University of Florida (UF) Health is set to lead a 12-site national clinical trial to test a new nerve block procedure for the treatment of severe headaches caused by subarachnoid haemorrhage.

The UF Health team will lead the study, BLOCK-SAH, and assess the safety and efficacy of the procedure, as an alternative to opioid medications, for four years.

The double-blind study will enrol 195 adult patients with an acute phase of subarachnoid haemorrhage following a ruptured aneurysm. It will also evaluate how well the procedure is tolerated by patients.

Patients will be randomised to receive either the anaesthetic-steroid combination or a placebo saline injection.

Two injections, one on each side of the head, will be administered to patients on successive days.

On third and fourth days, all the participants including in placebo group will be injected with the active medications.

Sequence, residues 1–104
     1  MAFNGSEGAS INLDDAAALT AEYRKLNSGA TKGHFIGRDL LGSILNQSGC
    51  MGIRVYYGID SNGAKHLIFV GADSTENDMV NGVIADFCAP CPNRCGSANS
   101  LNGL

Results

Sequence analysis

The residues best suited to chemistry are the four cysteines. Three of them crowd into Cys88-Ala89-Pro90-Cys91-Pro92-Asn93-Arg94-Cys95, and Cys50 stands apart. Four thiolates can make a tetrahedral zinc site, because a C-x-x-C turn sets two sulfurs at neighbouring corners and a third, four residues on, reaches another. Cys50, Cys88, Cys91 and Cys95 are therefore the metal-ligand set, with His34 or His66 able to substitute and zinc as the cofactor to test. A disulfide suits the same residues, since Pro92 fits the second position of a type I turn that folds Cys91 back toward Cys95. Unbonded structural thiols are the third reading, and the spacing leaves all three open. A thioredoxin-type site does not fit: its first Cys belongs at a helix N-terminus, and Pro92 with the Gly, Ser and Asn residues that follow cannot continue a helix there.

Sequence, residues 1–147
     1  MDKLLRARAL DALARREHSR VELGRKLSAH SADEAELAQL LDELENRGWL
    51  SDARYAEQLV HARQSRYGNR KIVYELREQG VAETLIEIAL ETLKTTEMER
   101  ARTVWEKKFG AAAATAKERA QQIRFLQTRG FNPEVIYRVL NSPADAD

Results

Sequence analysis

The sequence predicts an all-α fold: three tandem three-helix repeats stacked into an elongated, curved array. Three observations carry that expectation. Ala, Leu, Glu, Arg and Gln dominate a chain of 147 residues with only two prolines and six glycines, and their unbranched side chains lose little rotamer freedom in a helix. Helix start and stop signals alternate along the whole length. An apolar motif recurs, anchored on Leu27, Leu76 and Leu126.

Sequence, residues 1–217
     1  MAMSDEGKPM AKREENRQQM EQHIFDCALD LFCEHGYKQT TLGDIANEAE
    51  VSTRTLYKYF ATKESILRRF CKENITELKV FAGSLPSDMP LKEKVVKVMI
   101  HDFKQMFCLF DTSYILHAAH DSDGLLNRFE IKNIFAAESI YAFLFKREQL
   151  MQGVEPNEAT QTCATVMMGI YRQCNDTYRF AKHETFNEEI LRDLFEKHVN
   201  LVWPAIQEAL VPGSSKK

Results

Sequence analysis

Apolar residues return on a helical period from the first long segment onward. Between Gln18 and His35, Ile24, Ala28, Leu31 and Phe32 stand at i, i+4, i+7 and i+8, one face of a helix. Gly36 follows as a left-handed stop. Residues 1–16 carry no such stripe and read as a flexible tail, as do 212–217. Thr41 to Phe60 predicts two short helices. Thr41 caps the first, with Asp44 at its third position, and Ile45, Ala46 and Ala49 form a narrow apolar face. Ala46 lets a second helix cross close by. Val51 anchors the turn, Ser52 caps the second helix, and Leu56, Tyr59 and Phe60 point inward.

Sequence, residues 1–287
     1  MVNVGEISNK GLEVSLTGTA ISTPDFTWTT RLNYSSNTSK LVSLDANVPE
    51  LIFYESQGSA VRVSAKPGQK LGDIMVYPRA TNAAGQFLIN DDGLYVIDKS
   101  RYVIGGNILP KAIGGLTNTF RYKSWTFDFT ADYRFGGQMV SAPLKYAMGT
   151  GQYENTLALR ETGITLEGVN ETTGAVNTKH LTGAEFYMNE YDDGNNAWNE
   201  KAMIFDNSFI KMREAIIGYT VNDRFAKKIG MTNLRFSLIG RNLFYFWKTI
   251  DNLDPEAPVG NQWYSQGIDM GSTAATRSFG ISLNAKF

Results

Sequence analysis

UF principal investigators have chosen groups at Massachusetts General Hospital and New York University for clinical coordination and data management, respectively.

UF Health neurointensivist Katharina Busl said: “Nearly everyone who is awake after suffering this condition complains of the most severe headache of their life; they say it hits them out of the blue, like a ‘thunderclap,’ and it is intolerable.

“Our idea was to find something outside the box that we could offer and that doesn’t come with all the side effects of opioids, such as blunting consciousness and sleepiness, and potentially long-term effects including addiction and rebound headaches.”

A team from the university, including neurocritical care, neurosurgery and pain medicine, has received a $12.9m grant from the National Institutes of Health to test the procedure.

The procedure involves insertion of ultra-thin 25-gauge needle that delivers a mix of a local anaesthetic ropivacaine and the steroid dexamethasone.

The mix then enters the pterygopalatine fossa, a cone-shaped space that holds the nerve structures where the pain originates.

The procedural co-investigators are planning to use real-time ultrasound in the upcoming trial to ensure proper placement during the nerve block procedure.